EXPLAINED: How to register your car in Germany from September 1st

What’s happening?

In an era of digital transformation, Germany is taking a significant step towards streamlining its vehicle registration process.

From September 1st, the new i-Kfz project, initiated by the Federal Ministry of Transport and Digital Infrastructure (BMDV), will introduce an internet-based vehicle registration system that will allow people to register, de-register, and re-register their vehicles online.

When do I need to register my vehicle?

Anyone who owns a motor vehicle in Germany and intends to use it on public roads has to register it with the authorities in the area where they live. This applies to both residents and non-residents and also means that vehicles have to be re-registered when moving to a different region of Germany.

READ ALSO: EXPLAINED: What to know about driving in low emissions zones in Germany

If you buy a car through a dealership, they will normally take care of vehicle registration for you. But if you bought the car privately or imported it, you will need to register it yourself.

Until now, that meant making an appointment at the local Kraftfahrzeug Zulassungsstelle (car registration office), but from September 1st, this can be done online.

What documents do I need to register my vehicle?

There are several documents that you need to register your vehicle, including:

– A valid ID (a German passport, foreign one or an ID card)

– Registration certificate (Anmeldebescheinigung)

– Proof of ownership (part II of the car’s registration certificate)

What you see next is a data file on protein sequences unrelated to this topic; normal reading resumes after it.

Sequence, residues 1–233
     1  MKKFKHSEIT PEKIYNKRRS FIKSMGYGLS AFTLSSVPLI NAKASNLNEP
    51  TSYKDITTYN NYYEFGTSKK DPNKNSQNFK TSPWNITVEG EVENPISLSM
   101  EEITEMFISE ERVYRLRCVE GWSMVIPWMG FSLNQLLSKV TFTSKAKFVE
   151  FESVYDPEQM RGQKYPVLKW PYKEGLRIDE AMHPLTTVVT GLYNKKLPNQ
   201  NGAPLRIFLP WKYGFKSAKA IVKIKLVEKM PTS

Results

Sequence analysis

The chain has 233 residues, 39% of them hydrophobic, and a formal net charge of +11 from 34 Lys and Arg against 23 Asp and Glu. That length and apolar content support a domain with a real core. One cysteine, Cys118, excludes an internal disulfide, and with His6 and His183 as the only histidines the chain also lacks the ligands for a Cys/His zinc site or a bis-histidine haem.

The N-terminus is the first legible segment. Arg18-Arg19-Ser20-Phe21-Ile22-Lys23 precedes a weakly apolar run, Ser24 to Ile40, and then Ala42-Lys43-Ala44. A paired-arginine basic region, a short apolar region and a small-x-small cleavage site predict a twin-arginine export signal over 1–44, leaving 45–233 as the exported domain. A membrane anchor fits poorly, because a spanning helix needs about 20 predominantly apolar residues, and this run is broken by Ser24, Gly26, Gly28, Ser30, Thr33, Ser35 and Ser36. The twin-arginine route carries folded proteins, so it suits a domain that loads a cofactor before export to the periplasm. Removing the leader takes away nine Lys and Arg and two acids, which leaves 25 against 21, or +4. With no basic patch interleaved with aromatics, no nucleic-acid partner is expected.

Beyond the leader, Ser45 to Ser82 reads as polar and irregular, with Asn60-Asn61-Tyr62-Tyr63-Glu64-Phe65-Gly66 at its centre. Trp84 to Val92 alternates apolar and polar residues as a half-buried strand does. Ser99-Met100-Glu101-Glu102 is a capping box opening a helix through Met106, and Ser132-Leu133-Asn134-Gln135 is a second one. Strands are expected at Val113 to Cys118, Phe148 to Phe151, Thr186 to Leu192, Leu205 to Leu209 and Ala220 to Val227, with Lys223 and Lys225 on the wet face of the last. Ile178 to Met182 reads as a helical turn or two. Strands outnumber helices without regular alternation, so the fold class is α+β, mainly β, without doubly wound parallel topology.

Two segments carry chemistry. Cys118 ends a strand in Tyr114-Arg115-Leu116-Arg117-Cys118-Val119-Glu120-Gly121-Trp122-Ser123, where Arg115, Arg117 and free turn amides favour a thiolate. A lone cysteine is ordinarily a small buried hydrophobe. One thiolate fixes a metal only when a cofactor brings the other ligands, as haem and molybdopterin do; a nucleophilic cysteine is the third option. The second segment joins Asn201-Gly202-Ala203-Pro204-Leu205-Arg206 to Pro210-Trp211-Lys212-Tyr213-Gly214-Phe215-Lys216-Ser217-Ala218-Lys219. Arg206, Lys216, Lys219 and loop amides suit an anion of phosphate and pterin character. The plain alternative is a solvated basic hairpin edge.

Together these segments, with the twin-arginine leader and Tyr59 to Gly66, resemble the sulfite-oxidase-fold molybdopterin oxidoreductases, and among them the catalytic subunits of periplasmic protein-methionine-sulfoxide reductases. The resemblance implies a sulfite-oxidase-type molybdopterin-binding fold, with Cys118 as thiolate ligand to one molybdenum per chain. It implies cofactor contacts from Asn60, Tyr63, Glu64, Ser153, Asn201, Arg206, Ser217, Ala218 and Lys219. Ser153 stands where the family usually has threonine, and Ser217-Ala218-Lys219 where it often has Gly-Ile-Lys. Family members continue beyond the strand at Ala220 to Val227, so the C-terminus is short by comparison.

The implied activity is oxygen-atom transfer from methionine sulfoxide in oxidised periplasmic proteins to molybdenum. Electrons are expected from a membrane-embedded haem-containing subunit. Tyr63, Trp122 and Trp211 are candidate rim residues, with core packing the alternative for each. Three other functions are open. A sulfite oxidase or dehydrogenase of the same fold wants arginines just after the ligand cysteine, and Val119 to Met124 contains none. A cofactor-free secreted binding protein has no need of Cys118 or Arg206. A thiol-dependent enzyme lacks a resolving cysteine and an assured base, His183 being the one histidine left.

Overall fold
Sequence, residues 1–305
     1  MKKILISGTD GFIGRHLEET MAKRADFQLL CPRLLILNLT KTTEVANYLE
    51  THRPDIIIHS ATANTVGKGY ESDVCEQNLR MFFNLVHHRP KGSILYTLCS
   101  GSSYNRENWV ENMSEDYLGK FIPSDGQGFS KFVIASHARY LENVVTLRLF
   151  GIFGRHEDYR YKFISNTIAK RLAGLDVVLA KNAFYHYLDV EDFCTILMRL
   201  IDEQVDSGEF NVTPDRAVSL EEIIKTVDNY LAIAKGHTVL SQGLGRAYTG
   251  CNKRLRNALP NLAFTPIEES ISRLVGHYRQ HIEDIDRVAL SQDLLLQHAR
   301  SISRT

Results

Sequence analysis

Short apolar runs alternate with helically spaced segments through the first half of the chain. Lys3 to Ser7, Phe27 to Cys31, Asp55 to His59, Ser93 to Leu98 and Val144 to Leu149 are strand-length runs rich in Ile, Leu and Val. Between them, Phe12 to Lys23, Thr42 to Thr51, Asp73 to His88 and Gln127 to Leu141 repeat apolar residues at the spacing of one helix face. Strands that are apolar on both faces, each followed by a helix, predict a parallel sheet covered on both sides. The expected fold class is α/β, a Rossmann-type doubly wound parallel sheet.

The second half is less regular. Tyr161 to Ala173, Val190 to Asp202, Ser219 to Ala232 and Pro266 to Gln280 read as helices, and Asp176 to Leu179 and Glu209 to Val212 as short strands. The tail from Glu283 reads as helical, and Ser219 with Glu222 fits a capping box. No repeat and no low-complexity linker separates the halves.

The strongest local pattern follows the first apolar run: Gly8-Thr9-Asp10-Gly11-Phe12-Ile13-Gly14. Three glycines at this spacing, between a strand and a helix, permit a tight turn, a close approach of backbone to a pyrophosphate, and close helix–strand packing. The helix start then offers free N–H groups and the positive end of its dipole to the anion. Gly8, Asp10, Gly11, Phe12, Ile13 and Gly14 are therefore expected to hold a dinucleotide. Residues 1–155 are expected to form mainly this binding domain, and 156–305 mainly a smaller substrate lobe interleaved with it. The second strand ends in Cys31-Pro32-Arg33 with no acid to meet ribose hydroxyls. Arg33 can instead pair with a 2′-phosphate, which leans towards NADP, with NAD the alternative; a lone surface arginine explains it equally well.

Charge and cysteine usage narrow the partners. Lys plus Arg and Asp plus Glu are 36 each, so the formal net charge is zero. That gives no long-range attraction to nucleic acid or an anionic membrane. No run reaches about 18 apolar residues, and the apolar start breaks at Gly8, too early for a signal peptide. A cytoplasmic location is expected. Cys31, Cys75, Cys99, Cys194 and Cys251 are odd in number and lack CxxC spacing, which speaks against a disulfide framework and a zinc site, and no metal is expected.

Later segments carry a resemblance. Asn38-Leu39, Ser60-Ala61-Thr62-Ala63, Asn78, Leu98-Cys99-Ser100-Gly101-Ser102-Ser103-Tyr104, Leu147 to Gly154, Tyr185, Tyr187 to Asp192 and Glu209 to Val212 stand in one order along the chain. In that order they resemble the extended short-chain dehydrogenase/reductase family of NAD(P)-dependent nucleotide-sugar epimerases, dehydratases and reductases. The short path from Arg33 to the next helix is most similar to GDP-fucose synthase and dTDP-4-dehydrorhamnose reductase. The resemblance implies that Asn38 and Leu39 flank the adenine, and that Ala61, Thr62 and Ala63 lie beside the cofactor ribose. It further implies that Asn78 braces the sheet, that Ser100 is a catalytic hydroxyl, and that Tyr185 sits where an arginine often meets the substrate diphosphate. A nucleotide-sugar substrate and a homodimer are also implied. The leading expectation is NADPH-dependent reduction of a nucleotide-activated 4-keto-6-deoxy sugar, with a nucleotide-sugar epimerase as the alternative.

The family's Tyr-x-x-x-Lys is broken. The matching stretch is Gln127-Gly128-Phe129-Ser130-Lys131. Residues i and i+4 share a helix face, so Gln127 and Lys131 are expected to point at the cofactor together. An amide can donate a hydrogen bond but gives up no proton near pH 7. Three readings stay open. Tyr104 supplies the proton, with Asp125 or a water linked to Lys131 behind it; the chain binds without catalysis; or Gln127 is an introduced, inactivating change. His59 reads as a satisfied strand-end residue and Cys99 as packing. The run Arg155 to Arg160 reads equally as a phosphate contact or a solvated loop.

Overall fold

– Proof of car insurance (eVB number)

– Foreign registration certificate (for imported cars only)

– Proof of road worthiness following technical inspection (TÜV certificate)

– SEPA direct debit mandate for payment of vehicle tax

How do I register online?

The federal states and local administrations will be responsible for setting up the i-Kfz registration portals and these portals can be accessed through the website of your local registration authority (or by searching, for example “Berlin i-Kfz Anmeldung”).

To use the online service, you will need:

– An identity card (including residency permits) with an eID online function

– A card reader or a smartphone with a free ID app

– Vehicle documents with security code 

How long do I have to wait before I can drive my car?

One of the major changes introduced by the i-Kfz is that the vehicle registration is activated immediately. Once registered through the i-Kfz system, vehicles can hit the roads right away.

The registration notification, vehicle documents, and license plates will then be sent by mail, which usually two to three business days. You can be on the road without these documents for up to 10 days, as long as you keep the digital registration certificate as proof that the vehicle is registered.

READ ALSO: How to get a German driver’s licence as a third-country national

As with regular registration, you will need to take care of the license plates yourself. However, these can also be easily ordered online, via a website like the STVA.

What does online vehicle registration cost?

The fees for digital vehicle registration are slightly higher than those for in-person visits to the registration office.

The cost for digitally registering a vehicle for the first time is €27.90 (instead of €27). For transferring vehicle ownership, the fee is €28.20, while the de-registration of a car costs only €5.70.

There is also a charge of €10.20 for sending the Part II registration certificate by registered mail or as a certificate of postal delivery.